Sue Longo Member Name
Principal and Senior Project Manager
The use of Virtual Reality (VR) in business has been around for more than a decade, but adoption has been slow. The main reasons are a lack of awareness in the marketplace, limited applications, and the high cost of hardware. This, however, is changing rapidly.
According to Business Insider Intelligence estimates, VR hardware and software revenue will be $5.5 billion in 2023, up from a $800 million in 2018. While the tech industry may have driven the initial interest, broader adoption of VR for employee training and product development is behind these latest revenue predictions.
As businesses like Macy’s, Lowe’s, Walmart, and UPS, among others, are implementing VR programs that focus on driving sales, it is important for all industries to consider how this tool can be applied and developed to benefit their organization. Many practical applications for VR have arisen for the mining sector, with planning and project development currently being its most prevalent use.
Typical planning issues faced by mining companies
Mine infrastructure, including plant and process design, is complex. The very nature of mining means that sites are often remote, making them difficult for surveying teams, designers, engineers and project teams to access. Remote-site assessments often work on a Fly-in, Fly-out (FIFO) basis, making it expensive and difficult to coordinate access for multiple on-site teams during planning and execution. In addition, design teams are often located in different parts of the world, so coordination amongst disciplines is driving the industry towards using technology to maximize efficiency.
Underground workings and surface infrastructure are often located at a distance, adding complexity to the mix. Even though 3D models are becoming the norm for designing infrastructure, 2D drawings and plans are still used for the planning and review process, requiring a high degree of visualization skill from all parties concerned.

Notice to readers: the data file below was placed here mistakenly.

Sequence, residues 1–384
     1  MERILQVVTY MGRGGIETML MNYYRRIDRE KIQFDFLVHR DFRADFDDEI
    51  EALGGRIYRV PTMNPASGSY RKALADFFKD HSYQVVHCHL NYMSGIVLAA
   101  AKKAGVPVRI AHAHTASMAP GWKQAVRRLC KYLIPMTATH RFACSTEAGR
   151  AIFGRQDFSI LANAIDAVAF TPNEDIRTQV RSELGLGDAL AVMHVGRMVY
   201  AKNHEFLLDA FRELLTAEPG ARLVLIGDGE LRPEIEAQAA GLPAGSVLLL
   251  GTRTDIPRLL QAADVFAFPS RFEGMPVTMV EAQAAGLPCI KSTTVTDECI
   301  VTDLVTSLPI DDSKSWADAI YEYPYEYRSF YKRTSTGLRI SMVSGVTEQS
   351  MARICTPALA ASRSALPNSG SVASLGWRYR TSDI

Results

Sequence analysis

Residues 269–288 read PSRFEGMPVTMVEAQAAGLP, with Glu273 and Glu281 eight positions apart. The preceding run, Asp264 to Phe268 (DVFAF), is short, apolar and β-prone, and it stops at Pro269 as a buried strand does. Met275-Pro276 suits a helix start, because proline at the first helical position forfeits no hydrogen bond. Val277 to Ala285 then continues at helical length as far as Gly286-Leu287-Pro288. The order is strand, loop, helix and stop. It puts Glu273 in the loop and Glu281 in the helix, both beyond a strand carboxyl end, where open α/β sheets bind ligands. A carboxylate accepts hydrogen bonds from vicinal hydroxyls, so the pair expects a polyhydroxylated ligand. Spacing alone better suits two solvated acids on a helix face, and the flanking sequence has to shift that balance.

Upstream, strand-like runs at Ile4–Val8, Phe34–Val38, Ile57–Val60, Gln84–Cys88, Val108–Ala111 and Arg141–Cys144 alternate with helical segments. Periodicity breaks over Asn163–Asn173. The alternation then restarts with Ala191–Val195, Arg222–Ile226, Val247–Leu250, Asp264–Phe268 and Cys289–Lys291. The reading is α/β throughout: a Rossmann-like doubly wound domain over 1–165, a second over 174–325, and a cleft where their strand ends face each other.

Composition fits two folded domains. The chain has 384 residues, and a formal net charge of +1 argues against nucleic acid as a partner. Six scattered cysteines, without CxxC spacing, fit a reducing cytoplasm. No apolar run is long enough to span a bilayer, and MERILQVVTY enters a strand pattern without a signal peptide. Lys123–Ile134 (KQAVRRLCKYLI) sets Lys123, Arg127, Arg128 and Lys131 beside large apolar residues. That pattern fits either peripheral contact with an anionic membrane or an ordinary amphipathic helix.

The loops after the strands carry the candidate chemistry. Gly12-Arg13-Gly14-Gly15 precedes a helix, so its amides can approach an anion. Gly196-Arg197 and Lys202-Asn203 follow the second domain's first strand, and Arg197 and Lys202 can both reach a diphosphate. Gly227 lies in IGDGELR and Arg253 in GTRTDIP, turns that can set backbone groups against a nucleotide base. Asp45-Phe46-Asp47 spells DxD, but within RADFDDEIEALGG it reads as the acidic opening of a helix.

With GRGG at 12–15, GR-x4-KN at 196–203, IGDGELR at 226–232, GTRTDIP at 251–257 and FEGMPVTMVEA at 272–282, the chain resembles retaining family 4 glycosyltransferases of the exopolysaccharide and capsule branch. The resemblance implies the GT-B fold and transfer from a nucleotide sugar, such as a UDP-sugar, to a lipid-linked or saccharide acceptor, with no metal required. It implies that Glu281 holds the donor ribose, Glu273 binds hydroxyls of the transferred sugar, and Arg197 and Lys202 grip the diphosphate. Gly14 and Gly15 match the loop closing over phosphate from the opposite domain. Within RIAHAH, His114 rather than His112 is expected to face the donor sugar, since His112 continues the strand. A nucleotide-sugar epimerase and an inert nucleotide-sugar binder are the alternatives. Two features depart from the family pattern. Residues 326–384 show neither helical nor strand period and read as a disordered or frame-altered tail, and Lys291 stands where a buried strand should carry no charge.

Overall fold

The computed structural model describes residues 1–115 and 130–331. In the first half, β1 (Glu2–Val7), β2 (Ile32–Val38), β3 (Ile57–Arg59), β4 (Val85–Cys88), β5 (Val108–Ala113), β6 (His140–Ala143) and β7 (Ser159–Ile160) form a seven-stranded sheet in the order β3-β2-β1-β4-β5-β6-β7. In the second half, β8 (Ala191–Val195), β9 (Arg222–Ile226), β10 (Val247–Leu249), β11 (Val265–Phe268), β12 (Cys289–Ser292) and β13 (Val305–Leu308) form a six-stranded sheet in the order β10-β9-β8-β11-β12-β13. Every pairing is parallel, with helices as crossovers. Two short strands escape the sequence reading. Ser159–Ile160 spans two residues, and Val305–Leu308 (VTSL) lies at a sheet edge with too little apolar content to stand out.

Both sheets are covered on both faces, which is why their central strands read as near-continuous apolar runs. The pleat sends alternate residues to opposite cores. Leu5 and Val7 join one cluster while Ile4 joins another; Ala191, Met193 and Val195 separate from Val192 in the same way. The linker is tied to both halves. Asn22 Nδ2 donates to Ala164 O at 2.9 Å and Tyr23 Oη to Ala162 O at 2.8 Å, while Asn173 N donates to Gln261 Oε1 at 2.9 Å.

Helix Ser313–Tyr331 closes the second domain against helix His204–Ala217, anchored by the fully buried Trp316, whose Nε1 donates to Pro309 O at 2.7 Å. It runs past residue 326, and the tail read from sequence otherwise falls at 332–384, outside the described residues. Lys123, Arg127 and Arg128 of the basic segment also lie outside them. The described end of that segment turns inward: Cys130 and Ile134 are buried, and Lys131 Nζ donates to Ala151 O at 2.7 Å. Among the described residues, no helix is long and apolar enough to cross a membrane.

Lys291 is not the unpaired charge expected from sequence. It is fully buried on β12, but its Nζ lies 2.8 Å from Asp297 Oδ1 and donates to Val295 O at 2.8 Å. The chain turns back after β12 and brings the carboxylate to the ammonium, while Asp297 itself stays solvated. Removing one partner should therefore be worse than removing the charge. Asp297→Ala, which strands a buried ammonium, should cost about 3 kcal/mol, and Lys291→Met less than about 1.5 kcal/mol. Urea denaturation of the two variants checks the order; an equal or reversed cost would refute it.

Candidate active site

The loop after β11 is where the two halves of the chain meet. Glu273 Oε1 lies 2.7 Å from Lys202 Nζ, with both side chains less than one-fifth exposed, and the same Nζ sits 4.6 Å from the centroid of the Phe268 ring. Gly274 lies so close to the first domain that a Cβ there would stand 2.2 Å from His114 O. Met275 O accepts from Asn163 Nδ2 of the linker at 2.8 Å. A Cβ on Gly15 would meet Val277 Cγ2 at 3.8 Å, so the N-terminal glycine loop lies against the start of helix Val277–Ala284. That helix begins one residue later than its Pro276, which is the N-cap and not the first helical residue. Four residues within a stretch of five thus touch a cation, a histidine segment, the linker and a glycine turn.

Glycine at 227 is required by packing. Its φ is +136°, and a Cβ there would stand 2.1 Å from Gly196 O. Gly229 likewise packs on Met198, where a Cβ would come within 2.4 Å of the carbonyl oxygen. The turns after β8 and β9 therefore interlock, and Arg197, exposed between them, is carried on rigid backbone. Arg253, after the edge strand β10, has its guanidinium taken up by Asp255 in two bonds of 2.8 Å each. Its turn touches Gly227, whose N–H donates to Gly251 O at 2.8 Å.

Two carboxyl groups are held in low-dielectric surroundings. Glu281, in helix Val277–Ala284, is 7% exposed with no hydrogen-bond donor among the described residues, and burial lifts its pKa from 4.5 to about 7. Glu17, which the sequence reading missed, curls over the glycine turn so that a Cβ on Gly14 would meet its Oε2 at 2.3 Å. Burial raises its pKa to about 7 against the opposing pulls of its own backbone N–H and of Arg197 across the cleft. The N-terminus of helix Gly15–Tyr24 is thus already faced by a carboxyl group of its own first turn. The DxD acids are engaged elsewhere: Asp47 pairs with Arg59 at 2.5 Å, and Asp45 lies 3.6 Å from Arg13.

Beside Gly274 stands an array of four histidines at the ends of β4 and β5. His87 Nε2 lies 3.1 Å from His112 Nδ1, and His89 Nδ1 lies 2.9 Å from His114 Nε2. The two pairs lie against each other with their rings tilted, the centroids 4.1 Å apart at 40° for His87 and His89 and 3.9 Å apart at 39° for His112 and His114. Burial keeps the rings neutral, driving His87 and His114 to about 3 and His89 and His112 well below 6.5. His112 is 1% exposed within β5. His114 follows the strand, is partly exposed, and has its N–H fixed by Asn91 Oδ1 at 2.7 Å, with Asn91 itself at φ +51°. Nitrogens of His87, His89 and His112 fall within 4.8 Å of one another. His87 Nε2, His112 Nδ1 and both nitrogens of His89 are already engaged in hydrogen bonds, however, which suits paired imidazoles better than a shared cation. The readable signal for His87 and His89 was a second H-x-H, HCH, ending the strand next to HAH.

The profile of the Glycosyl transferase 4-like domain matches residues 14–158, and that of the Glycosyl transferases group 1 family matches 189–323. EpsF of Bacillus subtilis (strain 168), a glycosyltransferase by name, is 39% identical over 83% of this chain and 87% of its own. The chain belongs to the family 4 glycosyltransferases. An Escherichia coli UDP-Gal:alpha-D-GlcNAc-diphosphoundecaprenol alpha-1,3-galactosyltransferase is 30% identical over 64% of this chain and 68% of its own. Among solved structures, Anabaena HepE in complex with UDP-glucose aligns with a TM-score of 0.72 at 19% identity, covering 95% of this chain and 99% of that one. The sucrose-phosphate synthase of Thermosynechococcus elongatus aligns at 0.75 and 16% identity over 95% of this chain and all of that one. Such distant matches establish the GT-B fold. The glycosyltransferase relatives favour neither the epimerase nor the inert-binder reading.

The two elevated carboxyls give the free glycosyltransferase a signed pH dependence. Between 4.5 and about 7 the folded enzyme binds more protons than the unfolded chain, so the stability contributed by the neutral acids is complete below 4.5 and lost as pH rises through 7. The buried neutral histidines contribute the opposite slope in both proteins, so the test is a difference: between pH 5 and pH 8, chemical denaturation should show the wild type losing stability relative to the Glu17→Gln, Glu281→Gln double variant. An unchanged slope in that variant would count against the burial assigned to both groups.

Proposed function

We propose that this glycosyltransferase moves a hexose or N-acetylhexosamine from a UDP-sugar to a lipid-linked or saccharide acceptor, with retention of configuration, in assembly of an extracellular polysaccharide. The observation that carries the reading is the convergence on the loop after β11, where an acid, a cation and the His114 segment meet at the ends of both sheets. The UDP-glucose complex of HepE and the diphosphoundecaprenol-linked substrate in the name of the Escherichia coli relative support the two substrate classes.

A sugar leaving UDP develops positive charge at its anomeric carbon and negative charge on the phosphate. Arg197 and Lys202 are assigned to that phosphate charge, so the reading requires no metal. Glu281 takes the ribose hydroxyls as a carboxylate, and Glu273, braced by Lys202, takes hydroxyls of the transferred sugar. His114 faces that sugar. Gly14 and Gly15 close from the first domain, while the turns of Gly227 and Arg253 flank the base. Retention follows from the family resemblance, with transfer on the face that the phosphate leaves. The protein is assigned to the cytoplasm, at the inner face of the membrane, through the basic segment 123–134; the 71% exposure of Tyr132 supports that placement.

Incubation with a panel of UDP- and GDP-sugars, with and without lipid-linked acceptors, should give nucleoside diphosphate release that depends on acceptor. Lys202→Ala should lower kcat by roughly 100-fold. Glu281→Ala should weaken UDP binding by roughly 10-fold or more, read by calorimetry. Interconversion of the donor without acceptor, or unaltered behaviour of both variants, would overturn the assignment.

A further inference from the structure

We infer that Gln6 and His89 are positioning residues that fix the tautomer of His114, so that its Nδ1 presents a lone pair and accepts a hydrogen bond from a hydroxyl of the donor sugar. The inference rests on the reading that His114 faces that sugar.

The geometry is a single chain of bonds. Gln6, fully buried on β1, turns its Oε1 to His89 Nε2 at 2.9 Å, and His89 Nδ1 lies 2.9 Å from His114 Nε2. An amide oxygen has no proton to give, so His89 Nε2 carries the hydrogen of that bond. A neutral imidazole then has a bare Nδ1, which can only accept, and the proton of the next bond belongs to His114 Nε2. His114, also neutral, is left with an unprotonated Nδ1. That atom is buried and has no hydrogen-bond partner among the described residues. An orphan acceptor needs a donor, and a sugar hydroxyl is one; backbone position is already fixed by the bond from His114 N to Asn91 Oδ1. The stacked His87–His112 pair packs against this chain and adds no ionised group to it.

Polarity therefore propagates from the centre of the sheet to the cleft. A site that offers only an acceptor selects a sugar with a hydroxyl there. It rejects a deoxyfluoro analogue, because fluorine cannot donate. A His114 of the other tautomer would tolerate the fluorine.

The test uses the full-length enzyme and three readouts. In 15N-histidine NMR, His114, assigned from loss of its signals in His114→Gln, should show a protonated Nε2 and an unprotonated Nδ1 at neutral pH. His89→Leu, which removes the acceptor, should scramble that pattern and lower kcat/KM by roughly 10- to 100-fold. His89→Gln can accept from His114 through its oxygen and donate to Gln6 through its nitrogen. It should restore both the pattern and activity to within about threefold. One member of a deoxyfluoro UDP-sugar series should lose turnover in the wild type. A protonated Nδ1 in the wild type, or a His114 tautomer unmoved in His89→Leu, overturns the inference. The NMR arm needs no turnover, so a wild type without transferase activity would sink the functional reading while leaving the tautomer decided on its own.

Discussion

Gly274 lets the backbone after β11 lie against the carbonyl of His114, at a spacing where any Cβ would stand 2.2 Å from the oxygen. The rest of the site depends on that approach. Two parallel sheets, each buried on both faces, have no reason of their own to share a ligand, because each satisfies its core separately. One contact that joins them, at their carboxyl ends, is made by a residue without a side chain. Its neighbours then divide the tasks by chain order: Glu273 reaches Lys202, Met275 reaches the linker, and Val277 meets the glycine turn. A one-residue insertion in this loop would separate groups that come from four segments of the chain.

the potential for VR in
mining and other
How is VR helping the planning process?
Virtual reality can help bring plans to life by using 3D computer-aided design (CAD) models, simulation techniques, and VR hardware. Through our work with clients, Golder has discovered valuable benefits of this approach. For example:
- Design reviews can take place remotely, saving on FIFO and face-to-face meeting costs. Users can walk around a virtual site and point out things for the rest of the group to see. This makes it easier for designers to identify any hardware overlaps such as clashes between piping and steel or noting that cable trays are not being laid in the most efficient way.
- Identifying and evaluating issues is more efficient. Golder clients have found that the ability to zoom in on equipment, access points, and walkways is invaluable for hazard and operability studies (HAZOPs), as well as constructability and maintenance reviews.
The main outcomes for clients embracing this technology is time and cost savings. This is a direct result of the reduced FIFO requirements, the ease of remote collaboration with other service teams, and the ability to identify problems virtually during the planning and design phase, rather than on-site during construction or operations.
What does the future look like for VR in mining?
As technology advances and companies become more knowledgeable, the potential for VR in mining and other industries is infinite.
Already, we’re seeing how end users can add individual design components to 3D models. In the future, VR systems will (hopefully) allow users to zoom in and view embedded data on items. For example, the make, model number, capacity, and maintenance schedule of a specific valve or pump could be viewed virtually. This would have an impact on the efficiency of maintenance and procurement tasks, while at the same time being tied to the 3D model.
It’s expected that the scope of embedded data will expand. Expansion of VR technologies will not only aid in planning but will also make maintenance and repairs much easier. For example, a valve expert can use a VR simulation to remotely talk through a repair with someone on site who can carry out the physical actions.
Virtual reality has the potential to help mining companies plan better, manage complications better during construction and commissioning and save time and money on operations and maintenance. There’s little doubt that artificial intelligence and machine learning will bring even more capabilities to this type of design work when they are harnessed into the VR environment.